You may have been used to managing your financial affairs as an individual but now you will be approaching your finances as part of a couple. This will represent some challenges but also opportunities.
There are pros and cons of combining your financial affairs.
Regardless of whether you decide to combine your finances or maintain separate accounts, you should still take some time to create a family budget. Having a solid understanding of where your money is going is essential for meeting current and long-term financial goals. As well, financial issues are often the major source of stress in a relationship and working with your partner to create a realistic budget should be a source of harmony and peace of mind.
You and your spouse will probably have different attitudes towards money and financial management. This is to be expected but it is important that you understand each other's feelings. Coming to agreement on how you will approach your family finances should prevent misunderstandings. Here is a link to a quiz you and your spouse can do together that should provide some insights into and an appreciation of your respective philosophies towards finances.
Now that you are planning to get married you will need to consider how your current and future assets will be owned by you and your spouse. There are two basic structures of joint ownership and both have their advantages and disadvantages. Here is a general overview. A discussion with your financial advisor and/or lawyer is certainly recommended to ensure that your affairs are structured in a way that will best deal with your current and ongoing situation.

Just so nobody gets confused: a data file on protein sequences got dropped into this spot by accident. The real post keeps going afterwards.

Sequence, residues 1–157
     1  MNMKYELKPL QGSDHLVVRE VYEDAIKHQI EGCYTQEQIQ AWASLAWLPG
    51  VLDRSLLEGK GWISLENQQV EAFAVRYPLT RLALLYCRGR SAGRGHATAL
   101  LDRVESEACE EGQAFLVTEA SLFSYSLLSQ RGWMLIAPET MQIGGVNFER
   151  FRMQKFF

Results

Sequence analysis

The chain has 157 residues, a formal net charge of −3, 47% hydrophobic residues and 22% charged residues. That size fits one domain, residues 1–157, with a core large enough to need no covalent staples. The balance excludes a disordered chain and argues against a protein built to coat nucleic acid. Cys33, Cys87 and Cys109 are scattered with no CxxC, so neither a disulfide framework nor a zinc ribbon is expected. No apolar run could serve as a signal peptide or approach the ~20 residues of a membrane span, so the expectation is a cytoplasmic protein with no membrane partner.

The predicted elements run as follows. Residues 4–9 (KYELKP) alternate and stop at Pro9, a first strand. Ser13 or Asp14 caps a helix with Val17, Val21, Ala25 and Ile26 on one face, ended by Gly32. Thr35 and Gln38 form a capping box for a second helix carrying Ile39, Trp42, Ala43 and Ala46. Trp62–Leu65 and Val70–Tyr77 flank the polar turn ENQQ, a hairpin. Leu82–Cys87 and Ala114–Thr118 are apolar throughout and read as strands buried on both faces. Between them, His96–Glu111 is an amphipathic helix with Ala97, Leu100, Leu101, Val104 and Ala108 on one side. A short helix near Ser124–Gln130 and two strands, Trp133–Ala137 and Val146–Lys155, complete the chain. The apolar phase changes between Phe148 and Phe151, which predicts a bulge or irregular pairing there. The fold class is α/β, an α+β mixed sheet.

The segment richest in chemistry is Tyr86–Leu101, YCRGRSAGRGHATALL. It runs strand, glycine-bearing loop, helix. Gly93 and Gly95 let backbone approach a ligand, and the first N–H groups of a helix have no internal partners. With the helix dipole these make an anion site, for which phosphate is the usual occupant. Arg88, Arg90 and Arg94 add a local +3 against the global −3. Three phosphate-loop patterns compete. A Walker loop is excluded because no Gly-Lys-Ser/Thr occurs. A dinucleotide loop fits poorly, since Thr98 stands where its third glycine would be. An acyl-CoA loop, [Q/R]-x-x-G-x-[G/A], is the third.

This is a very common and popular way for couples to own family assets. As the name implies, the ownership is ‘joint' so that each party has an undivided but equal share in the property. One of the primary advantages of this ownership structure is the ‘right of survivorship' which in practical terms means that if one of the parties dies the other automatically assumes the ownership, and the asset does not flow through the deceased's estate which can cause complications. This legal approach is ordinarily used for the family home but it can similarly be used for other assets such as non-registered investment accounts and chequing/savings accounts.
Ownership of assets as tenants in common is similar to a partnership arrangement where each party (or tenant) owns a specific share of the asset outright and may pass that share on to other parties through a Will. There can be cases where couples may decide that this is the preferable structure for them given their specific needs and goals.
Whether or not you decide to combine your finances, it is important to think about how your personal and financial situation will change as you proceed through life as a couple. To help you through this process, complete this personal and financial log book and provide a copy to your financial advisor. It will help him/her have a better understanding on how your financial situation is changing.